First up is a #GirlsRock interview with Eli at Coach Daddy. The #GirlsRock series is dedicated to highlighting women who are doing amazing things and making the world a better place. Some of the women Eli has interviewed in the past include journalists, podcasters, TV reporters, and musicians / artists. So I’m honored – and psyched! – to be featured on Eli’s blog again. (I wrote this guest post for Coach Daddy back in 2015.) We talk about my editing / writing coaching business Heart of the Story, poetry, and my one piece of advice for women who enjoy writing.
If you follow me and my editing / literary coaching business Heart of the Story on Facebook, Twitter, or Instagram, you may have noticed an experiment I’ve been running on Mondays. It’s called Question of the Week, a conversation starter where I post a question about writing and any writers who are interested can respond.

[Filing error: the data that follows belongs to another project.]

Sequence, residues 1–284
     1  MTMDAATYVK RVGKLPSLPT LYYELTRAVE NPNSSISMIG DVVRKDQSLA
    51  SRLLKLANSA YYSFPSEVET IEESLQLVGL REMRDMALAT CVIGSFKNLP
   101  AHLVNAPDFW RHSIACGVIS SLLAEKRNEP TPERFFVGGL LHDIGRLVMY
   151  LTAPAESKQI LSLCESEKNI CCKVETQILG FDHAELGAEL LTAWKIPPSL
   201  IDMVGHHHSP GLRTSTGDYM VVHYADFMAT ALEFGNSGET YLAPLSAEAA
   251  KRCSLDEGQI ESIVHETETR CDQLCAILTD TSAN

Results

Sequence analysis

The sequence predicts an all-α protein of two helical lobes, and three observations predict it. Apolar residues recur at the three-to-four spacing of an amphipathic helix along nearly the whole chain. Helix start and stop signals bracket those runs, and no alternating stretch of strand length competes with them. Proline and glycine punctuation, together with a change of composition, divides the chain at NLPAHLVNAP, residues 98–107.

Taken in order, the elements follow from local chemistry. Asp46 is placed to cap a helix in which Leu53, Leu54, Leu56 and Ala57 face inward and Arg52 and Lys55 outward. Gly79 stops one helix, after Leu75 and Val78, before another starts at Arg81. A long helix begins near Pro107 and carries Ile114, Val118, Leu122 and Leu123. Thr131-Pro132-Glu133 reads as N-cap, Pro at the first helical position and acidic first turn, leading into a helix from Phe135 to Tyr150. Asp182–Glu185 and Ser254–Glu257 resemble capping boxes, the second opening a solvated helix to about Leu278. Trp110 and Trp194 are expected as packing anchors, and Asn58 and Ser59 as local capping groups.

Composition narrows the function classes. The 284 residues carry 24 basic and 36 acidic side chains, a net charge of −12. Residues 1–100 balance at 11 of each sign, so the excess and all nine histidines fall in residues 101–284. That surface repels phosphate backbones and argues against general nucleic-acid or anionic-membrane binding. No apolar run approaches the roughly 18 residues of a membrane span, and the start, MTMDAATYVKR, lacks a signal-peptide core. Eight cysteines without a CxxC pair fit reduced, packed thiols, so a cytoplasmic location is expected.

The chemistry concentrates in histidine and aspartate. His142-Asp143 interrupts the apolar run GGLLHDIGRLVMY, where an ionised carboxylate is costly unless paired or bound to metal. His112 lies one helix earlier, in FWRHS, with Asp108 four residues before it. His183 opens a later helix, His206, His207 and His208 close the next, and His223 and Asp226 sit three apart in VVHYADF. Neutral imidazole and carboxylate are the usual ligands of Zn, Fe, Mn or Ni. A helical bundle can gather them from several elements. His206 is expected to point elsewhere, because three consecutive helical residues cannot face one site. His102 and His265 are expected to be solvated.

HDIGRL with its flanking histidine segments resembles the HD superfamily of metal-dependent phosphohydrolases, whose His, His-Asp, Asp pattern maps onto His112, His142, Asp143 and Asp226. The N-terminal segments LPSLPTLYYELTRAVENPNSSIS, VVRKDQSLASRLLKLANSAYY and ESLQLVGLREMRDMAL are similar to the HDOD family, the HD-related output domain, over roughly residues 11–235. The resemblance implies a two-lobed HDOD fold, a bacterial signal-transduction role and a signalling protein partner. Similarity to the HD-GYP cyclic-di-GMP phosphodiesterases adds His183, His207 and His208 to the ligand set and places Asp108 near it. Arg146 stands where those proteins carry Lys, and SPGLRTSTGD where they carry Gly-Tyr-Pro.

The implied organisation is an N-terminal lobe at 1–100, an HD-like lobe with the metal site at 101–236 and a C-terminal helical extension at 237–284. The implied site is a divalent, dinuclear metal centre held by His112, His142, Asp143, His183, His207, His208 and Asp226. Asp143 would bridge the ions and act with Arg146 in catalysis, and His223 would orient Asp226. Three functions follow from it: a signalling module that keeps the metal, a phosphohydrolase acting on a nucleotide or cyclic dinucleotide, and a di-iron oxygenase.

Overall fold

So far, some of the questions have focused on your current writing project. Others have been about reading (since reading is an instrumental part of being a writer, right?) or the highlights and challenges of the writing process. So the topic varies from week to week; and since it’s not a chat with a set timetable, it’s something you can drop in on at your convenience.
Did anyone else have a weird season of reading? For my first few books of 2019, I’d love or enjoy one book, then be disappointed by the next one. I was even worried that I’d fall into a reading slump – and I think we can agree that those are never pleasant.